The issue of "availability after grading" is not one of when you placed
Here is how we work with our inventory; In June of the year the plants are
to be lifted from the field, we physically count each plant that we EXPECT
will mature into a healthy #1 grade plant. Bear in mind the plants will not
be lifted/harvested until October of the same year. Between June and October
invariably numerous plants are lost to damage from equipment, animals, wind,
general weather and theft. After the plants are lifted/harvested they are
brought into storage where they are graded for size and inspected for
condition where again we lose numerous plants during the grading process as
they are deemed unsaleable.
While we do our best to accurately estimate how many plants we will have
available to sell there are many obstacles to overcome to get the plants to
market. It is to our significant detriment to have fewer plants than
expected to sell but it cannot be avoided. Why do we count them so early?
Because the hybridizers stipulate that we must pay royalties by the end of
July on what they term a "Viable Bud count". Needless to say we have paid
quite a sum in royalties over the years on plants we never had a chance to
Here is how we work with our inventory; In June of the year the plants are to be lifted from the field, we physically count each plant that we EXPECT will mature into a healthy #1 grade plant. Bear in mind the plants will not be lifted/harvested until October of the same year. Between June and October invariably numerous plants are lost to damage from equipment, animals, wind, general weather and theft. After the plants are lifted/harvested they are brought into storage where they are graded for size and inspected for condition where again we lose numerous plants during the grading process as they are deemed unsaleable.
While we do our best to accurately estimate how many plants we will have available to sell there are many obstacles to overcome to get the plants to market. It is to our significant detriment to have fewer plants than expected to sell but it cannot be avoided. Why do we count them so early? Because the hybridizers stipulate that we must pay royalties by the end of July on what they term a "Viable Bud count". Needless to say we have paid quite a sum in royalties over the years on plants we never had a chance to sell.
Q: The rose I want is sold out. Can you put me on a waiting list for the next time one is available?
A: Sorry we do not maintain waiting lists or place sold out items on back order.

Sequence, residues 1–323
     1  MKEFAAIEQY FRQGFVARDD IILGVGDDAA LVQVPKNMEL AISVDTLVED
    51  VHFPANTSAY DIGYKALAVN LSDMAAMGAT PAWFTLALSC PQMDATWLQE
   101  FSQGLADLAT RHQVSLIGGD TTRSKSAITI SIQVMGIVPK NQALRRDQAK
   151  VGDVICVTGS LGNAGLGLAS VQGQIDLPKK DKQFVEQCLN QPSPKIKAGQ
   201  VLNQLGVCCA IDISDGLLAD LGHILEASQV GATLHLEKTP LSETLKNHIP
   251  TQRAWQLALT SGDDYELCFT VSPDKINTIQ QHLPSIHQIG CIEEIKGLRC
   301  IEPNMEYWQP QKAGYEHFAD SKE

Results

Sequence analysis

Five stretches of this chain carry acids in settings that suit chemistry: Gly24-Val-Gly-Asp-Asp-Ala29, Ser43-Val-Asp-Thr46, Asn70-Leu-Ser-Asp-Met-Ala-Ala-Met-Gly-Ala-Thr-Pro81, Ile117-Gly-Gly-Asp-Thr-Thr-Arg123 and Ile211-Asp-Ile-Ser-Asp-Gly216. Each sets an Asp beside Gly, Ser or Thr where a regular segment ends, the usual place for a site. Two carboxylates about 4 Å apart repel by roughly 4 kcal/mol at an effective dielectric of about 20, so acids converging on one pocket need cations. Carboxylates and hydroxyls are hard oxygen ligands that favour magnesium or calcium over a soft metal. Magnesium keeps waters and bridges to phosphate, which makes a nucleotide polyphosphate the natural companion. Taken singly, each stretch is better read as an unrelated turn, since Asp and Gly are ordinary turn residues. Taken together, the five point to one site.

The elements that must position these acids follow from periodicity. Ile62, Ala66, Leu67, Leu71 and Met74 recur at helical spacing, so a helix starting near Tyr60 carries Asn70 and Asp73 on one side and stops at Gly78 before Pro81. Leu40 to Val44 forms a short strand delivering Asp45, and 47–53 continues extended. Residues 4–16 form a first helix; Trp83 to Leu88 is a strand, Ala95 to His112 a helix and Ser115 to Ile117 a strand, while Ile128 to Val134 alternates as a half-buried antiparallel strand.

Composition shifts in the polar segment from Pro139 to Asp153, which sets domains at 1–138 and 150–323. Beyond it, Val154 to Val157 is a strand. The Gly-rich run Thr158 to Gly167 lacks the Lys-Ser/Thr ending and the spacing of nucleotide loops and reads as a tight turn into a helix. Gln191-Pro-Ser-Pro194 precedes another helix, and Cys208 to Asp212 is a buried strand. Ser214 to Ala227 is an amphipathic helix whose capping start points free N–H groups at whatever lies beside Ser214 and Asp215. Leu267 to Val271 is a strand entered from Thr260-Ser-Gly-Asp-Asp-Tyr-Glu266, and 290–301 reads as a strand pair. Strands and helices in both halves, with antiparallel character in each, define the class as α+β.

Q: There is a certain rose that I want but I donít see it on your website. OR I saw a rose last year on your website but itís not there now, Why? Can you get it for me?
A: All the varieties we grow are listed on our site or in our catalog. We do not have access to other varieties and do not ďspecial orderĒ any roses from other sources. Every year we evaluate our assortment of varieties based on factors such as quality of the plants we can produce, the disease-resistance and vigor/rate of growth of the variety, the over-winter survival rate in our field, the general aesthetic quality of the plants and finally if there is sufficient demand for the variety to be an economically viable crop. When a variety is deleted from our assortment it is due to one or more of the above factors.
Q: Why are some roses not available to ship to the U.S.A.?
A: As with many products plants can be protected by trademarks and patents for the economic benefit of the introducer/ hybridizer/ producer who has invested in its creation. We respect the rights of these parties and abide by the laws protecting their intellectual property.
Q: If I say yes to substitutions will you just put in any variety you have a lot of?
A: No, we will substitute with a variety that is closest to what you ordered and if one is not available we will not substitute.
Q: Can I place an order to reserve some varieties I really want and add to the order later?
A: Yes, but we may elect to process the additions as a separate order/ invoice and ship the 2 together in the same box as one order/ shipping charge.
Q: My city has a pesticide ban in place and we arenít allowed to spray or I prefer not to use any chemicals. Which varieties are the most disease-resistant?
A: We recognize this is the way of the future for rose enthusiasts throughout North America. As a rule newer varieties and newly introduced varieties are more disease resistant as the hybridizers recognize this as well. To find varieties that meet your needs you can perform an advanced search and select disease-resistant from the criteria or you can review the separate list noting the varieties, which we believe to be the most disease-resistant.
Q: I requested a certain date for my plants to arrive but the date on my invoice is different then the date I requested. Why?